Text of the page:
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Currently the airline industry as a whole seems to be on the road of recovery. We, American Airlines, the fourth largest carrier recently avoided bankruptcy, but had a summer full of pressure due to ongoing union struggles and questionable executive compensation packages. After having incurred such big losses, this recovery has come about because of the government bailout and many of our large competitors’ abilities to survive the turbulence in the industry. So far, the prospects look promising. Revenue has improved across all regions of the business.
Domestic unit revenue was up almost 10 percent and Latin American revenue has increased by close to 11 percent in the last quarter of 2012 compared to the same period the prior year. We are performing better than other airlines that have filed for protection and have done so without slashing capacity.
In short, American is doing the right things to return to business efficiency and customer effectiveness. In order to establish a sustainable position for the future, American Airlines must adopt a three-pronged strategy moving forward.
First, we should focus on low priced operations and increased marketing strategies to improve customer demand. We have to enhance customer experience and our volume of loyal customers to build a stronger presence in Airline Industry. Second, we must focus on increasing and improving the routes to cater to large customer base. Lastly, we must address the difficulties our company might face in integrating with the culture of US Airlines. Our future success is highly dependent on these two entities efficiently operating as a single organization.
US Airline industry today is dominated by five major domestic carriers. United, Delta and Southwest each has more than 15 percent market share. American is fourth, with around 12 percent and US Airways is fifth with around 10 percent. Four of these five are profitable — all but American. We lost $2 billion in 2011 and $1.7 billion in the first quarter of 2012.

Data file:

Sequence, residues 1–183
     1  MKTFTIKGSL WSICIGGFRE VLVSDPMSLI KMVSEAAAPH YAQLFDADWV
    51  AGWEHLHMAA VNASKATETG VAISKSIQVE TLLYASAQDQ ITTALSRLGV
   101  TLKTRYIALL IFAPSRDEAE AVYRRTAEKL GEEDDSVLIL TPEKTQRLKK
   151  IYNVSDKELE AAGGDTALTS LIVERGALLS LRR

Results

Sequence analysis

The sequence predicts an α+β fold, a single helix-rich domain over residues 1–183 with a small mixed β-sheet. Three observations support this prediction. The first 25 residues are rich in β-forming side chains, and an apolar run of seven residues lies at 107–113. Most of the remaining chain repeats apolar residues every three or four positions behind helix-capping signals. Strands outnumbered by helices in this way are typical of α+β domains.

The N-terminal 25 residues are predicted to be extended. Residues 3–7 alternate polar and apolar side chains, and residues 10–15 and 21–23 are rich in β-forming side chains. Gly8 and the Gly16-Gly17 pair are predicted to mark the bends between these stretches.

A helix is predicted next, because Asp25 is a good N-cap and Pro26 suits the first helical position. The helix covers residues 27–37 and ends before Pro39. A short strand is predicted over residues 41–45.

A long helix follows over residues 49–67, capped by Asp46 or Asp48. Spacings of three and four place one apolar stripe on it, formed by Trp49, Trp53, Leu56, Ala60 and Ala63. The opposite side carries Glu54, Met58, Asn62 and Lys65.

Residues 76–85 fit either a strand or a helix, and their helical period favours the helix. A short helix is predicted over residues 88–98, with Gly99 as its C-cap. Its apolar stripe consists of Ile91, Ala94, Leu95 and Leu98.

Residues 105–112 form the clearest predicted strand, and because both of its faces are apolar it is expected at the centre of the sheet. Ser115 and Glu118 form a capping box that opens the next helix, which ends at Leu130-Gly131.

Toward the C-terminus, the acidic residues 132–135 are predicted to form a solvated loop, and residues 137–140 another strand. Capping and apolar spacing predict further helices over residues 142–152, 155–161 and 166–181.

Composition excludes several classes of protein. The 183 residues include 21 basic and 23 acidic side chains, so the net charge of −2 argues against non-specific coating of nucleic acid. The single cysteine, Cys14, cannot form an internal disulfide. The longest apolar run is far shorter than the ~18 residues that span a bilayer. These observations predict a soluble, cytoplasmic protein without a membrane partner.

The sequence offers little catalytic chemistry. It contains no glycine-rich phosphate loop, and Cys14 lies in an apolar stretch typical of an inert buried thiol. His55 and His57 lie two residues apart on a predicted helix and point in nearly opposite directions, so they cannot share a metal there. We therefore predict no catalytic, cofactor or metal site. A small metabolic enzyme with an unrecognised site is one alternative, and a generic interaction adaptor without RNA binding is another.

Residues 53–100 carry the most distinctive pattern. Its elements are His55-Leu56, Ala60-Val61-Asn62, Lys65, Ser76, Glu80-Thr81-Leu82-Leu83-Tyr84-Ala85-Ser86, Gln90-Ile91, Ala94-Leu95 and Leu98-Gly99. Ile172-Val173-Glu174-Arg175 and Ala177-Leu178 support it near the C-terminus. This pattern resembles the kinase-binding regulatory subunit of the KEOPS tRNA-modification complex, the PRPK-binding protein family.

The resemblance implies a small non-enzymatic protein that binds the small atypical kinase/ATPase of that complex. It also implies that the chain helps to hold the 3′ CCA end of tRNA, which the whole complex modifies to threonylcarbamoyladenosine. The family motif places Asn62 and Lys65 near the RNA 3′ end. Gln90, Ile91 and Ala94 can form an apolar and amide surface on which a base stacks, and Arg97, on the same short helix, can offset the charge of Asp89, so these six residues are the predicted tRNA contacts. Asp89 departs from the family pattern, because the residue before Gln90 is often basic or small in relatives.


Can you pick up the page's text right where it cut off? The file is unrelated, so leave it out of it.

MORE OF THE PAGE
Our emphasis in 2013 is on operational flexibility, international growth through alliance and selective network expansion, and domestic partnerships to reduce operational and balance sheet risks. American’s market differentiation is based on emphasizing and meeting the needs and expectations of high value customers (particularly large global corporates) and better alignment with the one world airline network and value proposition. Also, being the lead carrier between not only the United States and Latin America but, increasingly, the world and Latin America—connecting through Dallas, Los Angeles, or Miami. This strategy makes sense; if they can get all labor work groups on board, they should be able to make it happen. That is still the main challenge, as is competitor contestation, particularly from larger traditional rivals like Delta and United.
Improve Customer Demand
Lower Operational Costs
American passenger division which already has 57 fewer planes in service than an year ago, should further shrink by another 57 planes this summer. This would improve operational efficiency. Current service levels include 275 cities with a fleet of over 1000 aircraft. American carries about 80 million passengers daily and receives more than 329,000 reservation calls, handles more than 293,000 pieces of luggage and flies more than 4300 flights in one typical day. In order to reduce costs further over 27000 jobs will have to be eliminated. Because of high competition in the industry, substantial price fluctuations occur related to fares.